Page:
nations, Reiki was "rediscovered" in the late 19th century by Dr. Mikao
Usui, a Buddhist monk and educator, who used the therapy to heal the sick.
Today, Reiki is used as a method of healing illness and
reducing stress through light touch or, more commonly, by placing the
hands near or above the body in specific positions or patterns. Through
these positions, a Reiki practitioner can correct energetic imbalances
in the body by removing toxic energy, improving health and restoring a
person's energy levels.
Integration) - Developed by Ida P. Rolf in the 1940s, Structural Integration,
or Rolfing, works to correct imbalances in body caused by natural gravitational
forces. This technique utilizes deep pressure to help lengthen and relieve
built up tension in the body's connective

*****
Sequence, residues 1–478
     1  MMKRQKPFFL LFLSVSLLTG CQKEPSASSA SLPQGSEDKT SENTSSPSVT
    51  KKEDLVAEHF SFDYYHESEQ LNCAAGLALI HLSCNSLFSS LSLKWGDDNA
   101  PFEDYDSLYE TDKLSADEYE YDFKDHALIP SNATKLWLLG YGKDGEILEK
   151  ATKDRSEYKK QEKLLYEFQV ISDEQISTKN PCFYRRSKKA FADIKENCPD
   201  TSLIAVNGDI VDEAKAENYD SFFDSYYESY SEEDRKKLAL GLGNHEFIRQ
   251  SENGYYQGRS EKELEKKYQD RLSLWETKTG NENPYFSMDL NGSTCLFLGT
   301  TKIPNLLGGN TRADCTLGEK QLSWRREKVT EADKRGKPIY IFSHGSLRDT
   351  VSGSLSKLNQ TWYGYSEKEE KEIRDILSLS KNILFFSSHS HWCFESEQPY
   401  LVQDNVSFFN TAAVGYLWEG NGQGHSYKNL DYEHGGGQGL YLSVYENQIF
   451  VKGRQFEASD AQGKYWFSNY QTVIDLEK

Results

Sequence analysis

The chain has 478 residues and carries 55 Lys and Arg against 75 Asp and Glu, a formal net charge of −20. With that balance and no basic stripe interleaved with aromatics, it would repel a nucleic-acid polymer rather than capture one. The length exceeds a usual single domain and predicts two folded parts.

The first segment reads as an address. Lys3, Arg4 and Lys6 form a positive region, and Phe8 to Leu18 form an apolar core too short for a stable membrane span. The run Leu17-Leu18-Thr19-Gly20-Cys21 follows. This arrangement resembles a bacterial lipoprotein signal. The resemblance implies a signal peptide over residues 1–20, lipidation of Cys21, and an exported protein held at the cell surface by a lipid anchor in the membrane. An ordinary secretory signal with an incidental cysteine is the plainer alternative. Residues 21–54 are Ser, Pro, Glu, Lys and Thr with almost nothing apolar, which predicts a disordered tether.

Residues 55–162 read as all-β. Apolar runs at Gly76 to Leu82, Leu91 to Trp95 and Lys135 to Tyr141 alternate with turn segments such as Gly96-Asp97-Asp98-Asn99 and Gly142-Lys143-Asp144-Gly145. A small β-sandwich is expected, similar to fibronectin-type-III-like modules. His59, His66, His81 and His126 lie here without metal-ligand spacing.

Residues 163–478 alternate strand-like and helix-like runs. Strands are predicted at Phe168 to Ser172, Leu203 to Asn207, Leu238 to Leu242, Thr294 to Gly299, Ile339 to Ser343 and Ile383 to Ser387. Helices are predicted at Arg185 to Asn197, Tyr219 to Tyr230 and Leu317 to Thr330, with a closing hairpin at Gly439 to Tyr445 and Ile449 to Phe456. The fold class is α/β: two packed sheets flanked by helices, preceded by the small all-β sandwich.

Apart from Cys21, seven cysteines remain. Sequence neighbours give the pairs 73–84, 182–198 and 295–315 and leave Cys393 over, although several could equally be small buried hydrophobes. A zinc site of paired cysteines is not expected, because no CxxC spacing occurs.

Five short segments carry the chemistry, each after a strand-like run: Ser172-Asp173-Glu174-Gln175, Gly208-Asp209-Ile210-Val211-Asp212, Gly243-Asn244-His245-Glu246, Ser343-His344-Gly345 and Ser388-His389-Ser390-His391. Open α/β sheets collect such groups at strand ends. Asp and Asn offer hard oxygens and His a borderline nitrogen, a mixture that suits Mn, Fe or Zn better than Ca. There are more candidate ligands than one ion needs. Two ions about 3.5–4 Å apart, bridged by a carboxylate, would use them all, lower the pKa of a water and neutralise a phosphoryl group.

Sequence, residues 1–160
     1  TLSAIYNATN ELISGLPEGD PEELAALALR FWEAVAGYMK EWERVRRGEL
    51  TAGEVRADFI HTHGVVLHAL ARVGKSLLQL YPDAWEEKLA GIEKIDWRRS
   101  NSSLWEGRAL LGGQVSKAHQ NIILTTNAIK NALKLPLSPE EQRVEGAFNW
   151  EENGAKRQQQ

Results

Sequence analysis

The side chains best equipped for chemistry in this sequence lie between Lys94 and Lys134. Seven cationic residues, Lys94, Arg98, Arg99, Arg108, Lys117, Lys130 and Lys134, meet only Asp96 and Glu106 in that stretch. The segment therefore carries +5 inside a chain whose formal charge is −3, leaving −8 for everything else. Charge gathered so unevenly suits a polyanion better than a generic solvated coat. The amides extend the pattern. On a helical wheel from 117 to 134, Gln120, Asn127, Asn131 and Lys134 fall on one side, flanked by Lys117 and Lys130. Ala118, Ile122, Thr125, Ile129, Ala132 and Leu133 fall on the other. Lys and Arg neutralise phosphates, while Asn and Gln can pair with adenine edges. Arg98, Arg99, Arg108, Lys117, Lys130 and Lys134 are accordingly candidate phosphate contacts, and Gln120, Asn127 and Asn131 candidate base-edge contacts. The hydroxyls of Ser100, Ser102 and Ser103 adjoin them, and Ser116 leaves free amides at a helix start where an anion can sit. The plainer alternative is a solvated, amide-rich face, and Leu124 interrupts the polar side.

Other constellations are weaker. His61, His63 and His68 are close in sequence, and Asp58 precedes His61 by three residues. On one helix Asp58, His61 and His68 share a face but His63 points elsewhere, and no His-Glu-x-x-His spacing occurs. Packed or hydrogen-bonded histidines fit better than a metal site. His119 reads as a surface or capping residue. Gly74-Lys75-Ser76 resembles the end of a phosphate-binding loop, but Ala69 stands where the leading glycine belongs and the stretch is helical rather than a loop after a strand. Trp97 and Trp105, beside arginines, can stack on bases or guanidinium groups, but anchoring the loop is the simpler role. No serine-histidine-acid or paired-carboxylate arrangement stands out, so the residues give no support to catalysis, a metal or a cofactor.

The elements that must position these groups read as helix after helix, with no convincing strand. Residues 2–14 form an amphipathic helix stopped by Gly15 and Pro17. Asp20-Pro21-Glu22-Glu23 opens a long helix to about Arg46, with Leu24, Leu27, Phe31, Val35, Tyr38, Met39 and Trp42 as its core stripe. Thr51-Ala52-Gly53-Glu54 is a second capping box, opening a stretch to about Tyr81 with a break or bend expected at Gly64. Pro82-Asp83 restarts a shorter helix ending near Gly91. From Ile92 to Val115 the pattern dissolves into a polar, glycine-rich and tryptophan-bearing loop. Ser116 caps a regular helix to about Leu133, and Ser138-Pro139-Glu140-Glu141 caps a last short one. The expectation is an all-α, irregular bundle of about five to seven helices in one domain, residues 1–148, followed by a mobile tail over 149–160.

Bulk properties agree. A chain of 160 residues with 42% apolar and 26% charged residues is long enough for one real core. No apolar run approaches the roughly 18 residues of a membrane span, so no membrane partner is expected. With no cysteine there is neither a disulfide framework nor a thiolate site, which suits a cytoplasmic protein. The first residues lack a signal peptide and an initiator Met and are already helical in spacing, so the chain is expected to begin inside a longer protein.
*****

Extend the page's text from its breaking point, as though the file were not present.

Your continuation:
tissues. Benefits of this technique include improved balance, posture,
and range of motion; increased energy; stress reduction; and alleviation
of pain and discomfort.
Rosen Method - This technique utilizes a combination
of light touch, breathing exercises, relaxation techniques and verbal
communication to work in helping clients to connect to themselves emotionally
in order to reduce tension and stress throughout the body.
Salt Glow - A combination of oil and salts, often salt from the Dead Sea, are applied to the skin to aid in exfoliation.
Sauna - Dry heat in a wooden room is used to promote the elimination of toxins through opening the pores. Often, the heat is infused with essential oils or herbs to aid in the detoxification process. Sauna is also beneficial for muscle aches and pains.